Standing Tall For Eritrea’s Fallen Heroes
BY BEREKET KIDANE
OVER the last 60 years, some 90,000 Eritrean combatants and countless civilians have been killed and murdered by successive Ethiopian regimes who wanted to erase Eritrean identity and later on Eritrean sovereignty.
Eritrea’s Memorial Day (em>Mealti Sematat) is observed on June 20, a mere few weeks after Independence Day in order to remind us of all the sacrifices that went into creating and defending the Eritrean State.
It is an emotional and personal day for most Eritreans and those families of the fallen heroes who gave up their lives and limbs so Eritrea could exist. Numerous public memorials are held throughout Eritrea on Martyrs Day, but this day of remembrance is by no means confined to Eritreans at home.
An important bond is expressed by Eritrean communities around the world with the State of Eritrea and the families of the fallen heroes on Martyrs Day.
What is most striking is to see how deeply personal Martyrs’ Day is to most Eritreans. Eritrea being a small country, nearly every family has been affected. Too many households in Eritrea have framed photos and a small memorial corner of their son or daughter who fell in battle fighting for Eritrea’s independence or in defense of its sovereignty. As a result it is hard to find an Eritrean for whom this day is not personal.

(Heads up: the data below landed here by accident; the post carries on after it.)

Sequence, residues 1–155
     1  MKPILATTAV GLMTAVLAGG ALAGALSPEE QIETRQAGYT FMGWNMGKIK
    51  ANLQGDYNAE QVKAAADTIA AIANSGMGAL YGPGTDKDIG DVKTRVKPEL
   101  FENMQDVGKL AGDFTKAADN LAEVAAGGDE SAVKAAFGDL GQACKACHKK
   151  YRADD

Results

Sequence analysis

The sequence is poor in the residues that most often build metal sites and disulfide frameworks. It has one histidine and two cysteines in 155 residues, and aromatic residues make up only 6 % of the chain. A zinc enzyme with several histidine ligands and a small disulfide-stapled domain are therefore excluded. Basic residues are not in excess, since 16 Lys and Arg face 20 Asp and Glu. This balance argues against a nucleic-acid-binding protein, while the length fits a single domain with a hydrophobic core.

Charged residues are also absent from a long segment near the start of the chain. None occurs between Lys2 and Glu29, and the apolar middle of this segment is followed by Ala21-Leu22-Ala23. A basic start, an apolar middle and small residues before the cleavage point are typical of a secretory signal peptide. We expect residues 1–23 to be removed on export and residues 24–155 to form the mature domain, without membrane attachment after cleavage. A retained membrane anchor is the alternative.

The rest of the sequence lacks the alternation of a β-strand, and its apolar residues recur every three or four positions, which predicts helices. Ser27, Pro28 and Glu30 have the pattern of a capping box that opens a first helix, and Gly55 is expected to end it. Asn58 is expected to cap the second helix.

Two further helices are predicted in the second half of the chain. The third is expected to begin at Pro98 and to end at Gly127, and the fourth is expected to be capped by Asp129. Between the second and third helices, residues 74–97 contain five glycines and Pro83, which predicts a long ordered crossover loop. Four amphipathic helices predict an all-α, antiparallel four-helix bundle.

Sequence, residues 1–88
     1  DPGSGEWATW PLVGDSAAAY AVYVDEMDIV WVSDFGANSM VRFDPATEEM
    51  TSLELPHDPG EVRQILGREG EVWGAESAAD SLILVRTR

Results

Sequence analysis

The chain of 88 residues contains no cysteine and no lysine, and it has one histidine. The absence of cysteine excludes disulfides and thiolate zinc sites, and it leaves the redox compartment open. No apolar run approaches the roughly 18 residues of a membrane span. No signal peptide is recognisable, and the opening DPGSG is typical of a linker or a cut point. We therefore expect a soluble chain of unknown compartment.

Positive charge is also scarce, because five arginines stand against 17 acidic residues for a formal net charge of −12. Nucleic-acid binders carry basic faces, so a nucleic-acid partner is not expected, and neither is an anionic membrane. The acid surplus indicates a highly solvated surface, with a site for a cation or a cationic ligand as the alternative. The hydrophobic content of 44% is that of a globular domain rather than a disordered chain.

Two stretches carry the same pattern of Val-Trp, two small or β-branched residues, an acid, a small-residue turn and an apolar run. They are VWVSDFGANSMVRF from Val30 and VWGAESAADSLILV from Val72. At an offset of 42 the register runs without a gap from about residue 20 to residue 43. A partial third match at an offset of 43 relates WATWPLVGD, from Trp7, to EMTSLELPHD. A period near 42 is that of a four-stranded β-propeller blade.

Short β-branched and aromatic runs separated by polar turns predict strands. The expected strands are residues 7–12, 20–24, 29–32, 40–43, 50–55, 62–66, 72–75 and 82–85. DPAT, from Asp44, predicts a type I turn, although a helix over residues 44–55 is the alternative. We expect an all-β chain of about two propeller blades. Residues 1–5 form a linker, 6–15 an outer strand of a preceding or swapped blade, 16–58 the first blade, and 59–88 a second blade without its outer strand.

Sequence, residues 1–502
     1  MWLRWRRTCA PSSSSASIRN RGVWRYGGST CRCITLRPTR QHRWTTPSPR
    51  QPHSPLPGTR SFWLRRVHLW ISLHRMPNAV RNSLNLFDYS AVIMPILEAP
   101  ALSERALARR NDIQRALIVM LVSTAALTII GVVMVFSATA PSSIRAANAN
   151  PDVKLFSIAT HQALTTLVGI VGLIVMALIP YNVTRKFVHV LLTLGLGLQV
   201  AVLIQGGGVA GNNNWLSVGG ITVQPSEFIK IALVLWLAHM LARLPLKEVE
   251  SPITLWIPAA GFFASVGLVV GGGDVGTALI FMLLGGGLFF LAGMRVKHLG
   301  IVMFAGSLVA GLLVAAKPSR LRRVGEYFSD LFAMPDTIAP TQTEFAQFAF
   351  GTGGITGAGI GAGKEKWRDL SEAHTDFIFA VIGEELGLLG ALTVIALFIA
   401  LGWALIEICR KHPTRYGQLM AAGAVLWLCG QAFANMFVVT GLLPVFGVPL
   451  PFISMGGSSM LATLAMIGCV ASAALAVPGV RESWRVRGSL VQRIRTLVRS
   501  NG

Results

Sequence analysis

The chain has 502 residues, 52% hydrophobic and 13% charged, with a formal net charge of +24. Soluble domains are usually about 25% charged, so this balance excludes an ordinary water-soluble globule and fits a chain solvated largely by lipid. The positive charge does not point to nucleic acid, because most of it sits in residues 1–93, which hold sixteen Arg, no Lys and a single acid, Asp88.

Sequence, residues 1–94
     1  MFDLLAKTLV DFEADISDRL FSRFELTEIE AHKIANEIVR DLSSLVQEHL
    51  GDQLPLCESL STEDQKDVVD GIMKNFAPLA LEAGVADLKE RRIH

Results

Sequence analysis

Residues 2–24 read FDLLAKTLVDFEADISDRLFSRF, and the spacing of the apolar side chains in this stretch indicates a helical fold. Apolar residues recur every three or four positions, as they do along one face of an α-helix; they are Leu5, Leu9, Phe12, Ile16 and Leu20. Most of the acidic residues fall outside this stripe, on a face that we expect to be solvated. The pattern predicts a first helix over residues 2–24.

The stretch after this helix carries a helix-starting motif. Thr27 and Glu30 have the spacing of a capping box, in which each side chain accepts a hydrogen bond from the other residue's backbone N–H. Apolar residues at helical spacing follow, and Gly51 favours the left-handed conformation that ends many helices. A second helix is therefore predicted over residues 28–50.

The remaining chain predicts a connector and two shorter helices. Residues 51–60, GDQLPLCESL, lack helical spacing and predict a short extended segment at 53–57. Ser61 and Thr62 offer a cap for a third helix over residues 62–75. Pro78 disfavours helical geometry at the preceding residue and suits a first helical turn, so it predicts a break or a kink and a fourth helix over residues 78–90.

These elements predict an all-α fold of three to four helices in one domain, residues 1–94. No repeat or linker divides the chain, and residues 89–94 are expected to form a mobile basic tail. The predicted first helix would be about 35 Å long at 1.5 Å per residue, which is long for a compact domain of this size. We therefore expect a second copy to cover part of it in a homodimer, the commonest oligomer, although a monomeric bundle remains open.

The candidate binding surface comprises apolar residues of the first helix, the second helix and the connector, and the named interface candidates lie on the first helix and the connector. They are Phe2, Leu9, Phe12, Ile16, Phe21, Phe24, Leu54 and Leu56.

Each and every Eritrean has a number of people they remember on Mealti Sematat when they were young and full of life before they gave up their life so Eritrea could exist. This can be a childhood friend, a neighborhood kid you grew up with playing soccer, a brother or sister, a cousin, an aunt or uncle, or a high school friend.
Martyrs’ Day is one of the most solemn on the Eritrean calendar. There is an awe and sanctity to it. Most places of entertainment and cafes are closed on that day. Eri-TV and radio play somber music and sad songs that convey the mood of the day.
Eritrean sovereignty is a modern day miracle that has come at great cost and sacrifice.
As we gather in our respective cities around the world this Friday, June 20, to commemorate Martyrs’ Day, let us stand tall for Eritrea’s fallen heroes. The memory of those fallen heroes should serve to remind us of the heavy responsibility we bear as Eritrean citizens in making sure we fulfill the dreams of the sons and daughters of Eritrea who are no longer with us.
Zelealemawi Zikhri n Sematatna!
Awet n Hafash